Concert Review: 4AD Presents- tUnE-yArDs and U.S. Girls at the Neptune Theater

Listen to U.S. Girls’ In a Poem Unlimited hereU.S. Girls are
the project of Meg Remy, someone who has been working under the U.S. Girls name
for nearly a decade but this latest album of hers, In a Poem Unlimited, finally caught and held my attention. Much of
U.S. Girls’ previous work has been difficult to digest, lo-fi, experimental
art-pop that honestly just never struck a chord with me. Poem is a completely different story; it’s catchy, jazzy, wickedly
smart, and packed with sticky hook after sticky hook which ultimately pushed me
over the edge and was the whole reason I purchased tickets to this show. With a
massive band, (eight people total including Meg, two guitars, drums,
percussion, backup singer, keys, and saxophone) the sound live is absolutely colossal.
Whenever I attend a concert that has a good vocalist as the center point of
their sound, I tame my expectations, vocals tend to get drowned out by the
instruments and often times the vocal quality doesn’t stack up to the studio
version. However, Meg does an exceptional job of making herself heard and her
smoky and breathy vocals sound excellent live. The rest of the band are all
excellent at their respective instruments, the lead guitarists buzzing, and squelching
tone was is an excellent complement to Meg’s vocals and totally overwhelming and
tangible on tracks like “Incidental Boogie.” Much of the set featured the
wailing and sassy saxophone of Dennis Passley – a sound so beautiful that he
could have come up after the show and stabbed me and I would have thanked him. The
drumming and percussion is tight, the backup vocals are just as smoky and breathy
as Meg’s and the base is dense and heavy. U.S. Girls, while embarking on the
new sound that they have curated on this latest album still hold much of their
lo-fi, experimental weirdness close to their heart. “Time,” the closing track
of their set embarked on a very post-modern tangent, like someone stuck a
classical modern composer in a room with a jazz band and a rock band, told them
to make music and they couldn’t come out until they did. Time felt like thick
elastic putty and that stretched and contracted as they played before finally
Meg and company walked off stage one at a time. My only disappointment was that
the set wasn’t longer.Listen to tUnE-yArDs’ Nikki Nack here After a short wait
and some set up, the lights in the venue went dark and tUnE-yArDs came on
stage. While on paper they are a duo consisting of Merrill Garbus and Nate
Brenner, drummer Hamir Atwal is playing with them on tour. While I have enjoyed
much of the groups work in the past, this latest album failed to really strike
a chord with me. It’s a much more stripped back, blander, and mainstream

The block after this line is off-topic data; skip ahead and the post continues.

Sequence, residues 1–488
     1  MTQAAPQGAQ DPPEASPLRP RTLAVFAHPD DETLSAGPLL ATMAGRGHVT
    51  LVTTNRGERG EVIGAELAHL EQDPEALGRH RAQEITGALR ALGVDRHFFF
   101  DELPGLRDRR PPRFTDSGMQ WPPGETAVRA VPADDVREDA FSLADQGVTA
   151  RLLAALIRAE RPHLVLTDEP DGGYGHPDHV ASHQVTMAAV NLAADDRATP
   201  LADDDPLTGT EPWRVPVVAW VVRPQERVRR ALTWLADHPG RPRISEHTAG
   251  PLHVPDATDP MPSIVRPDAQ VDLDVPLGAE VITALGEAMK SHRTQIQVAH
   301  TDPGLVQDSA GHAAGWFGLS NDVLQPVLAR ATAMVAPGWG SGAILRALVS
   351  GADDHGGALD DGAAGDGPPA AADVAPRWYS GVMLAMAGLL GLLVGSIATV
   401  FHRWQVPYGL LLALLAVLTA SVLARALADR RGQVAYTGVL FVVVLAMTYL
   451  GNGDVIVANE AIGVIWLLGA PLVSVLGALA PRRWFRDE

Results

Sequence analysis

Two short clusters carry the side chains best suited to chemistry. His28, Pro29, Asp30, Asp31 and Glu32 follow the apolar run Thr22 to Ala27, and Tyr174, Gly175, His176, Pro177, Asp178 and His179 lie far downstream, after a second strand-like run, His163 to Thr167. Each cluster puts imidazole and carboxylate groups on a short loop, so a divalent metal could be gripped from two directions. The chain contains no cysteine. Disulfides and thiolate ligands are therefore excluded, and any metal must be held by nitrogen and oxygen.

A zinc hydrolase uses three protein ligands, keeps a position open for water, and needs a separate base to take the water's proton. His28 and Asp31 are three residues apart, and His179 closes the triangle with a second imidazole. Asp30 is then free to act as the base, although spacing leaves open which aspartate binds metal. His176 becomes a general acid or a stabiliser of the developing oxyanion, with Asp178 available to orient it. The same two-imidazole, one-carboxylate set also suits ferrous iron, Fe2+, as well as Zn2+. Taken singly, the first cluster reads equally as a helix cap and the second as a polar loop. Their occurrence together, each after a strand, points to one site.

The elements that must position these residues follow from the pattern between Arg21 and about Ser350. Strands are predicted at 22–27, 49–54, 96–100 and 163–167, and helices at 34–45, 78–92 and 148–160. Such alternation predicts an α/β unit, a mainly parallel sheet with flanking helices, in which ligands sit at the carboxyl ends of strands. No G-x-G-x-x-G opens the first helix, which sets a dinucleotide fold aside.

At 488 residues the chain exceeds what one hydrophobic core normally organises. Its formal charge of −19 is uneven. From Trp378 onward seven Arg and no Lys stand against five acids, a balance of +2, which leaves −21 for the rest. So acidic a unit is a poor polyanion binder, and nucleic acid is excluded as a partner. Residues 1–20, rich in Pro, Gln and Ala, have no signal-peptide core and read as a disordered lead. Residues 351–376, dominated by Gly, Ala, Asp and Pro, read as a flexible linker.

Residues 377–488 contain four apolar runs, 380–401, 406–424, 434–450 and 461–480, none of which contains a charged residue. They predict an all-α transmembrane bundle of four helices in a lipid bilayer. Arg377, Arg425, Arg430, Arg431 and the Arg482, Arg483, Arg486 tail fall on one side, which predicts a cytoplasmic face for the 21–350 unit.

sounding album that diverges from their off-kilter art/indie pop with an
incredible amount catchiness that ran throughout much of their last two albums.
Additionally, I was worried about their ability to perform the songs live,
granted that much of their sound relies on heavy and dense layering of vocals
and samples. I came in with tamed expectations that it might not sound as good
as I was hoping. Boy oh boy was I wrong, tUnE-yArDs honestly sounds so much
better live than they do on their studio albums. They have so much energy, the
layering is so much more intense, and the sound is incredibly full and
enveloping. I was totally blown away at Garbus’ ability to create these
beautiful harmonies with herself and then construct these complex, driving
beats over which they would play their instruments. Brenner’s base was amazing
to hear live, it was buzzing and heavy and perfectly contrasted the light
timbre of Garbus’ vocals and ukulele. While Atwal isn’t officially a part of tUnE-yArDs,
he was a pleasure to watch work, his technical ability was unreal and his
chemistry with Garbus and Brenner was excellent, making each track feel so
organic and clean. Paired with the excellently timed light performance that
seems like it could have been pulled out of an EDM show, it made the impact of
each note and beat resonate throughout my whole body. Even the tracks that I
was lukewarm on from their last album cycle sounded so much better live, and
tracks from what I think is their best album, Nikki Nack, were amazing. On top of the even more dense and full
sound that the band creates during their live shows, they did some incredible
blending of songs, my favorite was on “Water Fountain” when they played through
most of the track, switch into “Real Thing” for a verse and switch back to
“Water Fountain.” I was totally blown away with tUnE-yArDs’ sound live and I
highly recommend that anyone who is even lukewarm on their work see them live if
the opportunity presents itself, it is well worth the money. -Alex